Mean number of winged Myzus persicae caught in yellow water traps in plots with potato in pure stand, potato intercropped with onion, and potato intercropped with garlic, in a field trial in 2009. Data were transformed as natural logarithms. Error bars indicate ± SEM. *P≤0.05; **P≤0.01; ***P≤0.001, Tukey HSD test.

https://doi.org/10.1371/journal.pone.0069431.g001

Numbers of M. persicae were significantly lower in potato intercropped with onion compared to pure potato stands on three occasions from the 14th to the 28th of June (P = 0.0009, P = 0.0023, and P = 0.0015, respectively) (Fig. 1). Significant reduction in the number of aphids in potato intercropped with garlic compared with plots with only potato plants was found on the 22nd and 28th of June (P = 0.0247 and P = 0.0004, respectively). Significantly fewer M. persicae were found in plots with potato and onion compared to plots with potato and garlic (P = 0.0044) on 14th of June. The results of the field experiments revealed aphid avoidance of potato grown with onion or garlic. Further laboratory experiments were performed with the combination of onion and potato, because of the strong significant effects on the aphid catches in the field with this treatment.

Aphid Olfactory Responses to Odour from Plants

Winged M. persicae showed a statistically significant preference for potato plants when given a choice between the odours of onion and potato (Wilcoxon test: Z = 2.430, P = 0.015, n = 16). Aphids showed no difference in response between the mixed odour of onion and potato plants compared with two potato plants (Wilcoxon test: Z = 0.966, P = 0.33, n = 15). Aphids showed a statistically significant preference for the odour of unexposed potato plants compared to the odour of onion-exposed potato plants (Wilcoxon text: Z = 2.414, P = 0.016, n = 15) (Fig. 2).

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Figure 2. Aphid olfactory responses to volatiles from living plants.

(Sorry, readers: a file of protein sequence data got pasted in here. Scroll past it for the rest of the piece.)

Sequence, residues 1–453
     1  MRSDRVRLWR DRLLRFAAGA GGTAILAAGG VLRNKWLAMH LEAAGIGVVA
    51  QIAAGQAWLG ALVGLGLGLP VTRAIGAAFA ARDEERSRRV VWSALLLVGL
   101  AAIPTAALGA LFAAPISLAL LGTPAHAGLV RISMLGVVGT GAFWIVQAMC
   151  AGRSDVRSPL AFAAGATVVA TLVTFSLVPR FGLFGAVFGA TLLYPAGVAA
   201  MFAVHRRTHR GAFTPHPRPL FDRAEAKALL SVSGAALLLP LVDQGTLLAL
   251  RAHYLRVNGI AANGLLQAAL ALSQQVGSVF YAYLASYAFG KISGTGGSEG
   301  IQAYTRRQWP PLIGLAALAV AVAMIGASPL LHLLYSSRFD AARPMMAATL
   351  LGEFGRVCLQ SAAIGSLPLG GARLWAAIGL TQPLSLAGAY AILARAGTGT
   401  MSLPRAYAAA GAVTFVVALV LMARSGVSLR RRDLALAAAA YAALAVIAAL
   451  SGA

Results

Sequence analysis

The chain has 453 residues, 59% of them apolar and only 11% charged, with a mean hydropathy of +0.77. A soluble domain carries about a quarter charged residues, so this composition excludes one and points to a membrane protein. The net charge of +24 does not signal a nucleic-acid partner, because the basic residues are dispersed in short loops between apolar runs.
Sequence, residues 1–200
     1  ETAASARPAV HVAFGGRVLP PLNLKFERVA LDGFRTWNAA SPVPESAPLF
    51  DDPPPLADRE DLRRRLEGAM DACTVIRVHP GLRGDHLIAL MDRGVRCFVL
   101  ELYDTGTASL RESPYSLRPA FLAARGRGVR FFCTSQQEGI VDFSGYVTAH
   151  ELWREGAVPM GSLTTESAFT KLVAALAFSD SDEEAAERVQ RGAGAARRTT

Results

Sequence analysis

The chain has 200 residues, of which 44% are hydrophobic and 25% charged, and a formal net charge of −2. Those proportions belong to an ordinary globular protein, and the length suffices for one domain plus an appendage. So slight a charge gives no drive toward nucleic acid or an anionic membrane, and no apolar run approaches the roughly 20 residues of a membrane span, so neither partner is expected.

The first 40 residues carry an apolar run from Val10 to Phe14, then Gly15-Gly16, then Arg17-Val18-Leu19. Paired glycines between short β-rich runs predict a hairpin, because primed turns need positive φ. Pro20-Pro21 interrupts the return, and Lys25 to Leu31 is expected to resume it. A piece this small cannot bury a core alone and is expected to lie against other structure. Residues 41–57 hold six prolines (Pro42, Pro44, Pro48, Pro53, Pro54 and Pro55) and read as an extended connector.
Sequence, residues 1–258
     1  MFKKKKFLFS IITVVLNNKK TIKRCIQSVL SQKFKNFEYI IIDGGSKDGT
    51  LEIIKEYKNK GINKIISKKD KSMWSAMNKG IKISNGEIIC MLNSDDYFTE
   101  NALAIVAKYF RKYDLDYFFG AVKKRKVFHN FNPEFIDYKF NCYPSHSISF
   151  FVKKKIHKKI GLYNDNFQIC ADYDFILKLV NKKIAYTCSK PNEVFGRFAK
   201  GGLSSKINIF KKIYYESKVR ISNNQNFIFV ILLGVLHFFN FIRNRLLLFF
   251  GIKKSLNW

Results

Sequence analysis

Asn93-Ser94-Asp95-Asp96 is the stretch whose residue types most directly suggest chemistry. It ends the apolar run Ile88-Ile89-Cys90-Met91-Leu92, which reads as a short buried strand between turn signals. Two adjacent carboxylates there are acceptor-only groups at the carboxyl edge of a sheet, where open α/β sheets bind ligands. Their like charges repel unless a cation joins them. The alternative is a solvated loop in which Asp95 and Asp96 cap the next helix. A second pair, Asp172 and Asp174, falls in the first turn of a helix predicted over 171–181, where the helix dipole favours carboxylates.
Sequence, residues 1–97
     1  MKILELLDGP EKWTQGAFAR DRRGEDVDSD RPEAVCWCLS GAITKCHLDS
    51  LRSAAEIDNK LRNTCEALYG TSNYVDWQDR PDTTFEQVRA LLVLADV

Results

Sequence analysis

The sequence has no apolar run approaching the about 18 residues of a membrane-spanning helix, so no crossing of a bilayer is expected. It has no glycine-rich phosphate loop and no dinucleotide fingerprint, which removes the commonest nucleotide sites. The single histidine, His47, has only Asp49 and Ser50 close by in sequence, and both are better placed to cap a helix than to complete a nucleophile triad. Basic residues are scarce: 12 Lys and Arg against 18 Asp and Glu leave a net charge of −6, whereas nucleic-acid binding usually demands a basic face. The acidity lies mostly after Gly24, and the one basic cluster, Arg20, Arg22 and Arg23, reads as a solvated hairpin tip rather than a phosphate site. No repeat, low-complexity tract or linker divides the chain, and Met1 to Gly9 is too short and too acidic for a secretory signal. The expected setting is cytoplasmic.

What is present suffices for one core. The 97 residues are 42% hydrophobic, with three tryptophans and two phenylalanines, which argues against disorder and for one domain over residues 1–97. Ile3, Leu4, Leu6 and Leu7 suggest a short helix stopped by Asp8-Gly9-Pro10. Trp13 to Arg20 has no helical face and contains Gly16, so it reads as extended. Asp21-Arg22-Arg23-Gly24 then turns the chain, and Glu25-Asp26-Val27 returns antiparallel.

Behavioural responses of winged Myzus persicae in olfactometer experiments when offered choice between (A) volatiles of onion tested and volatiles of potato, (B) volatile mix of onion and potato and volatile mix of two potato plants, and (C) volatiles of onion-exposed potato and volatiles of unexposed potato plants. Asterisks indicate significant preferences * P≤0. 05, Wilcoxon matched pairs test.

https://doi.org/10.1371/journal.pone.0069431.g002

Volatile Profile of Onion Plants

The following compounds were identified and quantified in the headspace of onion plants (mean ± SE): 0.53 ng (±0.34) (Z)-3-hexen-1-ol, 0.65 ng (±0.22) 1-hexanol, <0.01 ng methyl propyl disulfide, 1.62 ng (±0.31) dimethyl trisulphide, 2.30 ng (±0.84) isopropyl methyl sulphone, 1.31 ng (±0.51) dipropyl disulphide and 7.08 ng (±3.89) 2-undecanone. Accurate quantification of methyl propyl disulfide was not possible due to very low amounts but was less than 0.01 ng.

Volatile Profile of Potato Exposed to Onion

Compounds identified in headspace collections from onion-exposed and unexposed potato plants are shown in Fig. 3. All identifications achieved by mass spectrometry were confirmed by comparison of retention times with those of authentic standards, with the exception of (Z)-4, 8-dimethyl-1, 3, 7-nonatriene and 6, 10, 14-trimethyl-2-pentadecanone, for which authentic standards could not be obtained. Canonical analysis of principal coordinates revealed significant differences in overall blend composition between onion-exposed and unexposed potato (P = 0.04). Differences were attributed to the C15 sesquiterpene (E)-nerolidol (P = 0.039) and the C16 homoterpene (3E, 7E)-4, 8, 12-trimethyl-1, 3, 7, 11-tridecatetraene (TMTT) (P = 0.038), which were both collected in greater quantities from onion-exposed plants compared to unexposed plants.